It is possible that the critics of the WGEID mission were driven not so much by their disenchantment with the world organisation as by their desire to protect the case of disappearances from independent scrutiny. How does anyone answer the Baloch nationalists’ charge that the most powerful and imperious wing of the establishment greeted the WGEID on its arrival by ending a lull in the disposal of missing persons’ dead bodies and throwing a few of them by the roadside, and celebrated the mission’s departure with the dumping of two decapitated bodies? A warning also of the odds they face to all those who want the shame of disappearances to be put to an end.

Regardless of one’s feelings on the WGEID visit the need to treat enforced disappearances as a matter of supreme national concern and take an unbiased look at the mission’s preliminary findings cannot be contested. The main recommendations fall into four categories.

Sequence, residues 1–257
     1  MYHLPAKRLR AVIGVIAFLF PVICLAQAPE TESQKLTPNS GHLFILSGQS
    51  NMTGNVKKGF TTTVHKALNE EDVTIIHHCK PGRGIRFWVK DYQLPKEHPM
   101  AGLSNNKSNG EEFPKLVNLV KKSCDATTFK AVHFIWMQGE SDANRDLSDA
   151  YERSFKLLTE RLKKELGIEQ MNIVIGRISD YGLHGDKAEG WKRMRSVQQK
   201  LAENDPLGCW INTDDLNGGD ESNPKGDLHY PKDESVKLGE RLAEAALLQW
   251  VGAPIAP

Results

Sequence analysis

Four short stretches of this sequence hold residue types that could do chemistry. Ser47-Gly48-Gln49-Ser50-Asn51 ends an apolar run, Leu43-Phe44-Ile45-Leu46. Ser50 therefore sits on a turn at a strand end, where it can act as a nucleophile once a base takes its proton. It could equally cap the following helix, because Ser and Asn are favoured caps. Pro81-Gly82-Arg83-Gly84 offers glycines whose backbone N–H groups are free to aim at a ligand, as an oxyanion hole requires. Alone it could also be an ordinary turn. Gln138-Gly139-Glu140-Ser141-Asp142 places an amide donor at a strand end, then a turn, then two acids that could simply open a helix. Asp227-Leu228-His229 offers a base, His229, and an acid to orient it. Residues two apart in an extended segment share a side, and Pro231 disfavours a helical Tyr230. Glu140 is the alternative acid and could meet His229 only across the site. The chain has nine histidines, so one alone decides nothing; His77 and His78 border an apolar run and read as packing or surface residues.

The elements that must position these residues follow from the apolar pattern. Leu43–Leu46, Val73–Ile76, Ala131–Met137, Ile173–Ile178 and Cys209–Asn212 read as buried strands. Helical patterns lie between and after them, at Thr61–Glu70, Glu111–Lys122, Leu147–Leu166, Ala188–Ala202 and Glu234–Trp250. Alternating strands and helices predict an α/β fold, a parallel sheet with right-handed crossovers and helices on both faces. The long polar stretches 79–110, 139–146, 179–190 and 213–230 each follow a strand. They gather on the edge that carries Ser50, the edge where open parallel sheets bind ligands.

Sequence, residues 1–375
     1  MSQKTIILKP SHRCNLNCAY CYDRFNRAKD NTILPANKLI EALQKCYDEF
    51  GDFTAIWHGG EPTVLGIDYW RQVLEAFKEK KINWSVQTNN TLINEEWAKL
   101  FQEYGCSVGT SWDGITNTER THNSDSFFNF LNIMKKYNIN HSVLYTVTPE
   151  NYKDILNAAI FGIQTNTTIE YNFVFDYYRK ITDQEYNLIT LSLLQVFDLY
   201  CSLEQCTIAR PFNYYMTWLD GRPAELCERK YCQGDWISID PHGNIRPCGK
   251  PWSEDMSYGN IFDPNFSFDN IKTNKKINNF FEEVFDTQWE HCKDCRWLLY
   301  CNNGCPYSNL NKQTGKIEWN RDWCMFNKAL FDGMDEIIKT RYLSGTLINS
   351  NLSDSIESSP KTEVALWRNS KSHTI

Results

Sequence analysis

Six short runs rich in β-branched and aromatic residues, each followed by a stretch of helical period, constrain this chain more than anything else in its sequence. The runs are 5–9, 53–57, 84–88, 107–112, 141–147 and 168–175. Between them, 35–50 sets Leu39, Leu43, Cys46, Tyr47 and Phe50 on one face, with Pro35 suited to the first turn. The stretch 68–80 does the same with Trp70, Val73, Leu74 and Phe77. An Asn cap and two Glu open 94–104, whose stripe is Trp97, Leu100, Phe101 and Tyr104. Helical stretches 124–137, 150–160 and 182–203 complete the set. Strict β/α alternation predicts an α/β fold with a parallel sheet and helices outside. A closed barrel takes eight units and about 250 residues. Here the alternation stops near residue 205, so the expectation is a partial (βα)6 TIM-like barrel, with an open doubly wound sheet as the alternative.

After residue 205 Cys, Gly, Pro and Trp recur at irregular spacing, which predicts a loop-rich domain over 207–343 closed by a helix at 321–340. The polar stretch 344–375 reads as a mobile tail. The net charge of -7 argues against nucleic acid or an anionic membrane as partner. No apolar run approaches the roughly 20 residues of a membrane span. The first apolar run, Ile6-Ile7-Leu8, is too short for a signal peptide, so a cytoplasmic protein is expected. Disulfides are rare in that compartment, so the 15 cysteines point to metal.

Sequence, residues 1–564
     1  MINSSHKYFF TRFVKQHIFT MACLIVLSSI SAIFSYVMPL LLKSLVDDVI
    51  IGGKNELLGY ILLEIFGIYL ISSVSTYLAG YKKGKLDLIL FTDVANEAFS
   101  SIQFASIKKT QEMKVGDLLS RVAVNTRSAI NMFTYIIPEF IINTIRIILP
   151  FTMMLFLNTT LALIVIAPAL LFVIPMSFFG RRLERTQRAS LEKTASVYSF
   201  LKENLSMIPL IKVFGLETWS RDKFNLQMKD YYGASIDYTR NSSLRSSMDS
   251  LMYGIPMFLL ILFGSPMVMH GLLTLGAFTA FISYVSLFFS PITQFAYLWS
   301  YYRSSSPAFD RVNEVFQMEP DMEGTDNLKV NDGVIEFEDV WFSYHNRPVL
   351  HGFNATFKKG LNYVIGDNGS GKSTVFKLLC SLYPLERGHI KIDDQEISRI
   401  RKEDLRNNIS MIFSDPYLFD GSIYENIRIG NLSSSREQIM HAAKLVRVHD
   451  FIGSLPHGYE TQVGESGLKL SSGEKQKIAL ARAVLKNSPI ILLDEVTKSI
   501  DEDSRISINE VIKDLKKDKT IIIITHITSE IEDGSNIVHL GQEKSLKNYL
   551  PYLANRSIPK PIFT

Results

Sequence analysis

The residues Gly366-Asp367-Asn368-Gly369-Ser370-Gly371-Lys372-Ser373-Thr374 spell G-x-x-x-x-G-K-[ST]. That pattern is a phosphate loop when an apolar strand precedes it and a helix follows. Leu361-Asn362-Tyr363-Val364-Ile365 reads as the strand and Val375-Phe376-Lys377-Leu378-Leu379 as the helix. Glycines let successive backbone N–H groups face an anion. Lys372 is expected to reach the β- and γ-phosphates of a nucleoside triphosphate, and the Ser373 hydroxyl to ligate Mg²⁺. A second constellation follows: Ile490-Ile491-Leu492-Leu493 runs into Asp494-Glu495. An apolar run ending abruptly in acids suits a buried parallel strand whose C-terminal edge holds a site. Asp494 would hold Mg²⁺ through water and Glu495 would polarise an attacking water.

The most important proposal is to add enforced disappearance as a crime in the Penal Code and prescribe an appropriate punishment for it. The fact that this crime is being committed has been fully established. The report of the three-member judicial commission put the matter beyond doubt. The process of adding new offences to the Penal Code has never ceased. Some of the offences recognised over the recent past include gang rape, disrobing of women, terrorism and blasphemy. There is no reason why enforced disappearance cannot be identified as an offence distinguishable from and more serious than abduction and illegal detention. The convention on disappearances describes the systematic practice of enforced disappearances as a crime against humanity and suggests appropriate penalties which take into account its extreme seriousness.